Google rightly gets a lot of accolades for its innovative work environment — including being named this week as No. 1 in Fortune magazine’s annual “Best Companies to Work For” list.
Yes, search engine giant Google replaced the SAS Institute at the top of this year’s Fortune list, jumping up from No. 3 last year. Here’s the rest of the 2012 Top 10 “Best Companies to Work For” list:
- Boston Consulting Group
- SAS Institute
- Wegmans Food Markets
- Edward Jones
- Camden Property Trust
- REI (Recreational Equipment)
- CHG Healthcare Services
- Quicken Loans
How Google does it
Zappos, the online shoe retailer that is owned by Amazon and lauded by so many for its great work environment, just missed the Top 10 and placed No. 11.
“Everything was up at Google last year — revenue, profits, share price, paid search clicks, hiring — and so, too, was employee love; the search giant climbed three slots in our ranking to reclaim the top spot.
The reason? Employees rave about their mission, the culture, and the famous perks of the Plex: bocce courts, a bowling alley, eyebrow shaping (for a fee) in the New York office. Then there’s the food: some 25 cafés companywide, all gratis.
Wrote one Googler: “Employees are never more than 150 feet away from a well-stocked pantry.”
It’s not just about perks
Yes, Google has always been touted as a place with great perks and benefits that you just don’t get at the typical company (and, that you don’t even get at that many places in Silicon Valley either). But the company’s success in building a great work environment is about more than the over-the-top perks, as the San Jose Mercury News points out.
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There’s no doubt that there are substantial perks to working at Google — ranging from the new 40,000 square-foot park that the company built for its employees at its Mountain View headquarters last year, to the fleet of electric Chevy Volts and Nissan Leafs that Googlers can check out for free to run errands at lunch time. But the search giant says it won the Best Place to Work title not because it focuses on perks, but because it focuses on people.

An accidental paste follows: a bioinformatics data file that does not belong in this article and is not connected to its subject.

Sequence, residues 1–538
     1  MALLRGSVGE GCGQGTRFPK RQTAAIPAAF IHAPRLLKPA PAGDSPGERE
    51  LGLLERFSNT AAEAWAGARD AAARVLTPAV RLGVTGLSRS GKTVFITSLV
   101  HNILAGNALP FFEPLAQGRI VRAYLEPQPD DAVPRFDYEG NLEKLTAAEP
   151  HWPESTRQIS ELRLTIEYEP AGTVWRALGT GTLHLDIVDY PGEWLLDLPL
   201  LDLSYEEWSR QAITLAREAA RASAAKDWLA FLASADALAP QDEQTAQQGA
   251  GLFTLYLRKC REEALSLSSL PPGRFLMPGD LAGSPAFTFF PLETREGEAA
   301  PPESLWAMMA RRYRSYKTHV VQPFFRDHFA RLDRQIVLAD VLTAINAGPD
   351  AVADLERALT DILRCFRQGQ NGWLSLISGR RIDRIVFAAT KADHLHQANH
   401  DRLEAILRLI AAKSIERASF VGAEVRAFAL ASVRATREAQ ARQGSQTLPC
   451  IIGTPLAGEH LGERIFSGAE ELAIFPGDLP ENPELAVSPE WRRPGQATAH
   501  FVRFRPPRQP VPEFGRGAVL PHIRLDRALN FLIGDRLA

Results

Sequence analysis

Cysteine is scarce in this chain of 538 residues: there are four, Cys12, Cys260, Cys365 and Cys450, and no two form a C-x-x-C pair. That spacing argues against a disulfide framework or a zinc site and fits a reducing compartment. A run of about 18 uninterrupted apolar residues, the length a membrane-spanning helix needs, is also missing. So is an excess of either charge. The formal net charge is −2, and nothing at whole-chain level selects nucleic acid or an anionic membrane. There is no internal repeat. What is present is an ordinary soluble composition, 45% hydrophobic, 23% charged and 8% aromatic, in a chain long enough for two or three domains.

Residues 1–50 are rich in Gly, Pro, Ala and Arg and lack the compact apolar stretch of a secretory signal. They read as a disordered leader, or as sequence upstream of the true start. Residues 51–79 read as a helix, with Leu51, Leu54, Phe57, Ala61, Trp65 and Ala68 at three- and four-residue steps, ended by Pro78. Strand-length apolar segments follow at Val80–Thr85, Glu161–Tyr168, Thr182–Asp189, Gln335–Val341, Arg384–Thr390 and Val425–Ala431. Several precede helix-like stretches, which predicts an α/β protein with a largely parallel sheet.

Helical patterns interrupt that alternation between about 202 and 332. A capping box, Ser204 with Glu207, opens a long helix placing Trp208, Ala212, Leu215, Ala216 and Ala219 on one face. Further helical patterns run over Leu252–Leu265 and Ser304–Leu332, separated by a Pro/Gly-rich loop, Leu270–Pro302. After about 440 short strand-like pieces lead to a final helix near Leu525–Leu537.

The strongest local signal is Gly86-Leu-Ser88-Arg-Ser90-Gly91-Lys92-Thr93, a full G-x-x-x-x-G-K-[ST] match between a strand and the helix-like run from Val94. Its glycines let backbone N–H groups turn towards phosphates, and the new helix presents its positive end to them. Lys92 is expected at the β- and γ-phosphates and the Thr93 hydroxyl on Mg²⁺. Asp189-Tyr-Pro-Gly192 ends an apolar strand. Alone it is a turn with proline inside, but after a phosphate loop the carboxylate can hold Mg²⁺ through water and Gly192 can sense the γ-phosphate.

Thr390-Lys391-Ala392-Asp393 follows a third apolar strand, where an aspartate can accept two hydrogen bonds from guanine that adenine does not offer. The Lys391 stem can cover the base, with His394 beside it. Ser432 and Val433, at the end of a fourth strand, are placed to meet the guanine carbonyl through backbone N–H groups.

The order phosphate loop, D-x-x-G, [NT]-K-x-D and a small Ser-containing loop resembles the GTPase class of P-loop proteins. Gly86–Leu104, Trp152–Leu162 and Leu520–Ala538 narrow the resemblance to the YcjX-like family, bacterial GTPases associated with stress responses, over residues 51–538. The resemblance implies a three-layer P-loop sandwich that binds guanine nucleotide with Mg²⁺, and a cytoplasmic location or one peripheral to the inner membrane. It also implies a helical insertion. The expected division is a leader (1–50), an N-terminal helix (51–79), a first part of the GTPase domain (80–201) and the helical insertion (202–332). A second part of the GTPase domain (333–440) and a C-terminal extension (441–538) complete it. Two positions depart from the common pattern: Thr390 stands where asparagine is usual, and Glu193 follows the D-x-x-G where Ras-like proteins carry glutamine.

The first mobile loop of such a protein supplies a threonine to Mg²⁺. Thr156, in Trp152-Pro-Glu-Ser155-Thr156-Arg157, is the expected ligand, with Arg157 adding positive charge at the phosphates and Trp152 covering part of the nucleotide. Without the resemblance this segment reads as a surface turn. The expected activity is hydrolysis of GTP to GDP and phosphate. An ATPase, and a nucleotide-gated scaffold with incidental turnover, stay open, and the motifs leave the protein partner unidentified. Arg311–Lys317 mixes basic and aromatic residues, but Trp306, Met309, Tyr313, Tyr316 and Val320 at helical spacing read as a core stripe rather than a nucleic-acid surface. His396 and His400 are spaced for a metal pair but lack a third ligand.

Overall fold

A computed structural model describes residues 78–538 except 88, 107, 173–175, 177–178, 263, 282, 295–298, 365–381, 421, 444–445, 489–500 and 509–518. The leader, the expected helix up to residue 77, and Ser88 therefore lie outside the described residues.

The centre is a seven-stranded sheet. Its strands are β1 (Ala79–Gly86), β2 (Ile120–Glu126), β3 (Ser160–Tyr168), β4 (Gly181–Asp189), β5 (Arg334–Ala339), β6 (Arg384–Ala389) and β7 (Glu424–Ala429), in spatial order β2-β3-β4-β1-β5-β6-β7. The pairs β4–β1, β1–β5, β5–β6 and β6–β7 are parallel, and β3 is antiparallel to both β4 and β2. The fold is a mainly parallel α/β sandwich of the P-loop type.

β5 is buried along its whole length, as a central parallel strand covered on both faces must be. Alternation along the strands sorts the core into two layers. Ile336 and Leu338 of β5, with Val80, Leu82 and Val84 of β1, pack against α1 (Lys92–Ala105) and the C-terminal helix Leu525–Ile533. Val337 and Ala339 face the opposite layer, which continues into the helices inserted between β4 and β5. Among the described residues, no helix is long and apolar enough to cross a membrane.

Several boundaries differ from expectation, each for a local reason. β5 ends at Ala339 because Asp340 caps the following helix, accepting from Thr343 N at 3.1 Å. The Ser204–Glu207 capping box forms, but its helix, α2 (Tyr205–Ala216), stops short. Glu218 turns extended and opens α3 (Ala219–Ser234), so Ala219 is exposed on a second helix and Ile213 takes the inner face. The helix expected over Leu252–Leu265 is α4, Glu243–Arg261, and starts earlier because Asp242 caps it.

“What people often focus on are the flashy, showy things, like the massages and the food, which are important to us,” said Laszlo Bock, Google’s senior vice president for people operations. “But they are not the real story about what makes our culture work.”
The real story, Bock and other Google executives said in a series of interviews this week about the company’s culture, is that Google treats employees as the owners of the company, that it has an ethic of corporate transparency that allows rank and file workers to question and expect honest answers from their superiors — even CEO Larry Page, at the company’s weekly “TGIF” all-hands meetings — and that the company tries to empower employees to feel that everyone can have an impact, both internally, and in the larger world.
“All of that stuff is free,” Bock said.
This isn’t a unique concept
What a concept: empower employees so that they feel they have a real impact in the success of the organization. It sounds simple, probably because you hear so many businesses talk about doing it, but very, very few actually take the time and effort to execute it the way Google does.
Want to know how to build better engagement in employees? You could do worse than to take a close look at Google. Yes, you probably can’t offer Silicon Valley-style perks, but you CAN work on focusing more on people and company culture.
Yes, treating employees like owners really does work, as Google has shown. The question is — are you and your organization willing to give it a serious try?